Organisational learning plays an important role in knowledge management. The importance of the concept of organisational learning is increasing gradually with the development of the technology. Technology itself is a part of knowledge and technological implication enhances the level of organisational learning. In addition to the technology, human resources of an organisation are the biggest source of knowledge for the organisation. It is the human resource of any organisation, which learns and applies any knowledge and derives fruitful results. Thus, they learn and in turn the whole organisation learns something new and can find its competitive edge and contribute towards knowledge management (Easterby-Smith and Lyles 2005).

In this process, information and knowledge have a prominent role to play. It is only through the availability of the information and knowledge that an organisation guides its way towards organisational learning. The whole process of organisational learning starts with the procedure of collecting precious information about outside happenings so that it can formulate strategies accordingly. Information and knowledge facilitate the organisational learning by providing necessary information, which is essential to polish the learning capabilities of the organisation. When using the term ‘organisational learning’ then the artificial legal entity that is an organisation does not actually learn itself but its sub-parts, like the human resource and other processes learn and develop. Similarly, accumulation of accurate and timely information is necessary for the application of the knowledge in knowledge management (King 2009).

In knowledge management, it is necessary for an organisation to be aware of events that take place in its surroundings as well as in the far-fetched marketplaces. Knowledge management has become an integral part of the organisation because without the presence of well developed knowledge management systems, organisations cannot create, disseminate and apply the knowledge. Sometimes, even the nuances of the information play an important role in its learning. In addition to the outside knowledge, an organisation should have knowledge about its inside functioning, without the knowledge of this aspect even best of the outside information will be of no use.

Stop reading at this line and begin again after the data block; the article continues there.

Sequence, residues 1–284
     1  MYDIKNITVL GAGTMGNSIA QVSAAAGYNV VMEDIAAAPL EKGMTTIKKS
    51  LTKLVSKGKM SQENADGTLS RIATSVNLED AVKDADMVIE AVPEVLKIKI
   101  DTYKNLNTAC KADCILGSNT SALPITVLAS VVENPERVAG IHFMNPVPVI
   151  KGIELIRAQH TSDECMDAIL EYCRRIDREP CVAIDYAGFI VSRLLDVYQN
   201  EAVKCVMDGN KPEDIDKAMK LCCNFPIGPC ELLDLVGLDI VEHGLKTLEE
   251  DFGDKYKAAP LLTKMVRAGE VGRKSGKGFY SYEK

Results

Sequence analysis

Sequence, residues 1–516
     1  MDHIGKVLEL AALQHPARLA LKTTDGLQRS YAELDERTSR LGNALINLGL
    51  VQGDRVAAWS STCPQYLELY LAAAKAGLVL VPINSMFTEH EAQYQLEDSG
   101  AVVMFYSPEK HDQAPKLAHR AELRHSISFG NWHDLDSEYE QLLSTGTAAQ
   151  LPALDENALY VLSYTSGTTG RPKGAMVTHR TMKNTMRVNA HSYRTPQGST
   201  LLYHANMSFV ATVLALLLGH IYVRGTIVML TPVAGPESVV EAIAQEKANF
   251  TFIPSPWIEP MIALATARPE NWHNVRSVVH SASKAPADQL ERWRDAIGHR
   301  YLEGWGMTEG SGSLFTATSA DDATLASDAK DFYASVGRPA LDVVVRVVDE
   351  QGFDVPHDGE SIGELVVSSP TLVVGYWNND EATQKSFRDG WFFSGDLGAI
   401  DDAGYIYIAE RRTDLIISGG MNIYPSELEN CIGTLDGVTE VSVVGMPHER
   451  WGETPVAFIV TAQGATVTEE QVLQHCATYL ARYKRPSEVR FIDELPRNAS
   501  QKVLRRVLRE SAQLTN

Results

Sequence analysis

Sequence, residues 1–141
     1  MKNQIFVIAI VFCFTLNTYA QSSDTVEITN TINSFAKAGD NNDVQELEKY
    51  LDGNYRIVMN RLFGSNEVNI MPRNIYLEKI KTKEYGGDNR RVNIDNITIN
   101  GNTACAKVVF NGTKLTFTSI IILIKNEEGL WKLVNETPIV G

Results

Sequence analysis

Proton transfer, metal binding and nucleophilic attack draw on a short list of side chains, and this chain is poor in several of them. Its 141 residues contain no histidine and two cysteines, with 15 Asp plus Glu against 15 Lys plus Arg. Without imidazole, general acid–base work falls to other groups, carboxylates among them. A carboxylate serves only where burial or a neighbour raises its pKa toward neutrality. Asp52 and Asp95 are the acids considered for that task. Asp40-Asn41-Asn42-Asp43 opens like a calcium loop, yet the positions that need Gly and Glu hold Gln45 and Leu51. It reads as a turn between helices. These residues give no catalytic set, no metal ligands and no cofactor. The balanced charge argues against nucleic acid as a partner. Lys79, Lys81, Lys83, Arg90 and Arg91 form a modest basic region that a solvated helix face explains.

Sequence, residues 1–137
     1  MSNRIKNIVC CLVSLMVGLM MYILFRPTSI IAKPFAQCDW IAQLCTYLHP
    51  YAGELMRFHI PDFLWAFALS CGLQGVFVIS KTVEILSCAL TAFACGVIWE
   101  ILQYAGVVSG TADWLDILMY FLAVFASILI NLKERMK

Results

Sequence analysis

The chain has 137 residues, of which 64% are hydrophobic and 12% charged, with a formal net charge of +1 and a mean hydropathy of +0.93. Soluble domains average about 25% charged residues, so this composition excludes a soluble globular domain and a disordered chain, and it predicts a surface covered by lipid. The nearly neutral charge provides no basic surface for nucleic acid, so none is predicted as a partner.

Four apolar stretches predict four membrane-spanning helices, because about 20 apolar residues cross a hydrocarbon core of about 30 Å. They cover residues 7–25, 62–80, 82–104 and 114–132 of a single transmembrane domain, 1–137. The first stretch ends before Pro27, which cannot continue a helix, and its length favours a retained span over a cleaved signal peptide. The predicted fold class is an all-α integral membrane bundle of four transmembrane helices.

In addition to this, it is crucial for the organisation to be aware of the activities of its competitors. Even if the organisation market leader, it needs to have accurate knowledge about its competitors’ move. If it is not concerned about the competitors’ actions then its research and development department needs to be extraordinary so that it can be one step ahead from its competitors. However, it cannot be said for certain that having a potential R&D department would be enough for the organisation because its competitors are also striving for a competitive edge. In addition to this, the organisation needs to have knowledge about the technological changes, international trade and government’s policies.

Knowledge has the power and value to change the organisation; hence, such critical issue needs to be managed. Even though the control function in managerial functions come at the end, it is crucial in managing knowledge. Control needs to be exercised on matters like how to use and disseminate knowledge. Control is not only exercised over the employees who have knowledge, but also on the employees who does not possess knowledge. In addition to this, the control function is necessary because of the manipulation and distortion of knowledge. Adequate knowledge control ensures that knowledge is utilised in favour of the organisation and positively influences the organisational performance (Krogh and Roos 1996).

Furthermore, knowledge should be handled in a way that proves it is legitimate. Knowledge that does not have any relation within the organisational context is a waste of time and money. At times, knowledge can be false and may not possess the importance in an organisational context, which the knowledge manager claims. In such circumstances, knowledge managers should try to collect the accurate knowledge and avoid the unnecessary part. After acquiring the legitimate knowledge, it should be shared with all the employees of the organisation. Every employee on all levels of the firm should be provided with the necessary knowledge so that they can perform accordingly.